Concluding Remarks

For more than half a century yeast has contributed to our understanding of biological processes such as metabolism and enzyme regulation, cell recognition, structure of chromosomes, mechanisms in meiotic recombination, epigenetic effects through mating type switching, cell cycle, the compartmental character of eukaryotic cells, protein targeting, and so on. An area where yeast will provide valuable information is the emerging area of system biology. System biology aims to understand complex cellular behavior such as how cells perceive and analyze signals in a continuously changing environment, or how cell division is linked to the generation of polarity by overlaying information obtained using genomics and proteomics methods with genetic and biochemical techniques. We conclude this chapter with an observation of Davis (2003):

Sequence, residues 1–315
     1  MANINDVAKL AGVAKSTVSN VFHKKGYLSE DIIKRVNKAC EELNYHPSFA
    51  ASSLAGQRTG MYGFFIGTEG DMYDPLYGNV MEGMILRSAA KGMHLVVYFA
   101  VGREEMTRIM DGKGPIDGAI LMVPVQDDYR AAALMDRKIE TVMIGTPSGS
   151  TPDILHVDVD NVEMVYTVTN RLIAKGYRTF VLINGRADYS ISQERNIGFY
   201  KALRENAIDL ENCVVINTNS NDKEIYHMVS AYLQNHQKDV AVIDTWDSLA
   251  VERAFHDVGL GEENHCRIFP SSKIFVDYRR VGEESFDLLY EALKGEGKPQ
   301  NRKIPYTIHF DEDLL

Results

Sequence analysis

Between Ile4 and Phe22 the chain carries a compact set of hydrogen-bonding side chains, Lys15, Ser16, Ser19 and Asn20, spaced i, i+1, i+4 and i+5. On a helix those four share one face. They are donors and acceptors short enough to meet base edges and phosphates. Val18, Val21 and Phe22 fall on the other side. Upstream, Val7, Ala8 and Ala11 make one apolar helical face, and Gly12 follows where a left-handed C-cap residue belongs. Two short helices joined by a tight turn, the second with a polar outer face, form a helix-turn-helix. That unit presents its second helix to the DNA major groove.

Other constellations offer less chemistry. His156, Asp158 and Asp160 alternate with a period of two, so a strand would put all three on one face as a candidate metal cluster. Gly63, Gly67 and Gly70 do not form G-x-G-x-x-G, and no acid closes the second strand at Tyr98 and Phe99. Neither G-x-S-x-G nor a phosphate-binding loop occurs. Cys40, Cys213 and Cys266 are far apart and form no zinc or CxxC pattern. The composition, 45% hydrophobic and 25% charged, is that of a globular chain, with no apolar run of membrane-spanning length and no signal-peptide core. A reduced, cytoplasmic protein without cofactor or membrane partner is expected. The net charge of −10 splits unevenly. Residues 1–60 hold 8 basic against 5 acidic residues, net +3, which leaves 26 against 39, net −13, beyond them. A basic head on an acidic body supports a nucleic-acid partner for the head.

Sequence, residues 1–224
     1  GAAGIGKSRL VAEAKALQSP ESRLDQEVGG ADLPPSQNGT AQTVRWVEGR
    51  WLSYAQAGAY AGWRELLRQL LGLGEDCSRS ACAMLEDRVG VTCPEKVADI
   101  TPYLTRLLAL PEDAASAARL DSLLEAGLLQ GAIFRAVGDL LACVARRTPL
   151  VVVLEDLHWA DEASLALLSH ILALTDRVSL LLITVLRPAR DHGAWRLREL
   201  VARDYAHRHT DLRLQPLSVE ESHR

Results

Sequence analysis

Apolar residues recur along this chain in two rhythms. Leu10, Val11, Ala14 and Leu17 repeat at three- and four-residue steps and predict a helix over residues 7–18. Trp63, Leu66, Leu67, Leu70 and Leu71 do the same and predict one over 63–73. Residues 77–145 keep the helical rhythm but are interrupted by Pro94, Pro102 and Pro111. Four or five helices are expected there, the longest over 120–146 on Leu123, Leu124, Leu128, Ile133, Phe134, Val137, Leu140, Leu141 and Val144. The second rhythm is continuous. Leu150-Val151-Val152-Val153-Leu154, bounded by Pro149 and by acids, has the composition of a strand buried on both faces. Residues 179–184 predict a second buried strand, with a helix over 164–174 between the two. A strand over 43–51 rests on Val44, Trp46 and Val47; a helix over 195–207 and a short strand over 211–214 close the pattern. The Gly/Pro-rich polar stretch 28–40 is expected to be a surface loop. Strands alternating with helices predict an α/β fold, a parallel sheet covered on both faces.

By a process of natural selection, as it were, yeast has attracted many post-1970 investigators with strong training in all three of vital disciplines: genetics, biochemistry, and molecular biology. Their ability to integrate these disciplines in their research and in their training of newcomers to yeast has led to connectivity of the many levels of organization that defines a model organism. This ability has also led to the explosive growth of the yeast community, which has been so self-sufficient in defining life's fundamental attributes that its members are no longer obliged to read the literature on other fungi. A serious asymmetry prevails in this matter: Neurospora and Aspergillus investigators ignore the yeast literature at their peril.

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